Frequently Asked Questions
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Where will we be staying?
Through decades of experience in the region our partners know where all of the best accommodations are along the trail. This knowledge partnered with our “out of the ordinary” itineraries create a less crowded, more authentic tea house experience. All tea houses have a common area where we can hang out in the afternoons and eat all of our meals. Most of the rooms are simple with two twin beds and perhaps a table or window sill to place small items on. Some of the tea houses have private bathrooms attached to the room (a real treat) while others have a common, shared bathroom area. All of the tea houses come standard with incredible vistas.
As is the case with many of the lodging questions this depends on the specific location. Many of the more popular tea houses have a Western style toilet with a porcelain bowl and seat that one sits down on to use. Getting these toilets to the tea houses is quite an impressive feat and some of the tea houses have the more classic Nepali toilet, a porcelain bowl with footpads on both sides that one stands over the top of and squats down (hence the squaty poty). And you thought the trekking would be the quad burning exercise…
What about the bathroom?
What Will We Eat…Only Rice?
Since travelers love variety the Nepali people have learned to cook a plethora of menu items including but not limited to pizza, pasta with red sauce, chow-main, fried rice, mo-mo’s (Nepali pot stickers), spring rolls with french fries, varieties of soups, and sizzler plates of chicken, yak or buffalo. Breakfasts often include a combinations of omelets, toast, pancakes, oatmeal, rice pudding and of course coffee (mostly instant) and tea.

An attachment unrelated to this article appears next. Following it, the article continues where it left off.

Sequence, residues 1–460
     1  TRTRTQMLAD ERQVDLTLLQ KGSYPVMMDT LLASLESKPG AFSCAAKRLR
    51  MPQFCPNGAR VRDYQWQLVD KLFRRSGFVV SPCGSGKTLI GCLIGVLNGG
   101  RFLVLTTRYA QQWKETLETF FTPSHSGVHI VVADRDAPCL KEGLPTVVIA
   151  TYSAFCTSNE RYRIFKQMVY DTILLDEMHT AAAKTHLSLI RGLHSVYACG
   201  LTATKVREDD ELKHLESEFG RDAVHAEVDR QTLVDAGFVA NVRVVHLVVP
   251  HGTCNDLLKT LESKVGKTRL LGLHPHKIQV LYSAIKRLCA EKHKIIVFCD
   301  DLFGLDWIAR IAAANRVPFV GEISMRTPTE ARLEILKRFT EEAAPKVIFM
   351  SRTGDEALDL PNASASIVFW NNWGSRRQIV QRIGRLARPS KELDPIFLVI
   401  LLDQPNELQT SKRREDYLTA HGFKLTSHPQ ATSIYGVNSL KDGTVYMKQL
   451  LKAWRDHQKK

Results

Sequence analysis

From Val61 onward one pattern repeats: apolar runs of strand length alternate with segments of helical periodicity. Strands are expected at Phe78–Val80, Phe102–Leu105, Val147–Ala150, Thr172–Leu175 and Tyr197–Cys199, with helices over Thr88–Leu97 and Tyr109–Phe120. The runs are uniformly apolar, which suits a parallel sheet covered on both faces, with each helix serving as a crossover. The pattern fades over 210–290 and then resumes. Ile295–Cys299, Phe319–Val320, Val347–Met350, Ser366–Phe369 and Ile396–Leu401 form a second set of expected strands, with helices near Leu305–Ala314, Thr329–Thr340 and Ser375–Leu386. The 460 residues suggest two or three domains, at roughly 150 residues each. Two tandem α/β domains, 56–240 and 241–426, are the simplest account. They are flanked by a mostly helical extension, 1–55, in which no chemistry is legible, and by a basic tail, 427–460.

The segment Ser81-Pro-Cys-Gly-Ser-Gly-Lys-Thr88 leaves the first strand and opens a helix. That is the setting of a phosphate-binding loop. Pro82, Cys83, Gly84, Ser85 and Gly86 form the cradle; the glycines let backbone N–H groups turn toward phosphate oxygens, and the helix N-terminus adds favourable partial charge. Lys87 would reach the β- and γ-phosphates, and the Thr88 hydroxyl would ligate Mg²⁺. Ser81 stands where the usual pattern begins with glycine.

The variety of dishes served along the trail is truly impressive (although it may not always feel that way) considering where we are and cooking equipment available. Although our menu will vary from meal to meal the entire group will eat the same dish at meal time. Ordering in this manner saves time and precious fuel in a region where the only fuel options are deforestation or packing in propane on a yak.
The national Nepali dish, Dahl Bat, pictured here
What else do I need to know about Nepal?
In general Nepal is one of the kindest, safest countries in the world. The local Nepali people welcome tourists into their homes as family. While we are given a lot of leniency in regards to traditional customs it is good to keep in mind a few cultural differences.
Nepali people do not do anything with their left hand (eat, shake hands, etc.) To touch another with a left hand is considered an insult. Nepal is also a very modest country. It is best to try to dress modestly (sorry guys leave your tube tops and mini skirts at home) while traveling in Nepal.